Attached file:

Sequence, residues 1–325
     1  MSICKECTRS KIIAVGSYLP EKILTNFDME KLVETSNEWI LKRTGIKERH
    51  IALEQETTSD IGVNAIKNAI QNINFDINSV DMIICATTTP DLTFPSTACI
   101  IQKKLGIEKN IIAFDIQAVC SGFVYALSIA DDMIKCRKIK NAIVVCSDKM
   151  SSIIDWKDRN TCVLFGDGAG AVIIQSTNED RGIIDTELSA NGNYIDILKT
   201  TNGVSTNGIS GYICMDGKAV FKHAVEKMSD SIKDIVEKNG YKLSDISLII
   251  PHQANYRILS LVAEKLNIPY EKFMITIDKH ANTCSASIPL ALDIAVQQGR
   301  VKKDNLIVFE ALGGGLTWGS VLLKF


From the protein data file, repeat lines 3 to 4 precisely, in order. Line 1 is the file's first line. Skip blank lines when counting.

    51  IALEQETTSD IGVNAIKNAI QNINFDINSV DMIICATTTP DLTFPSTACI
   101  IQKKLGIEKN IIAFDIQAVC SGFVYALSIA DDMIKCRKIK NAIVVCSDKM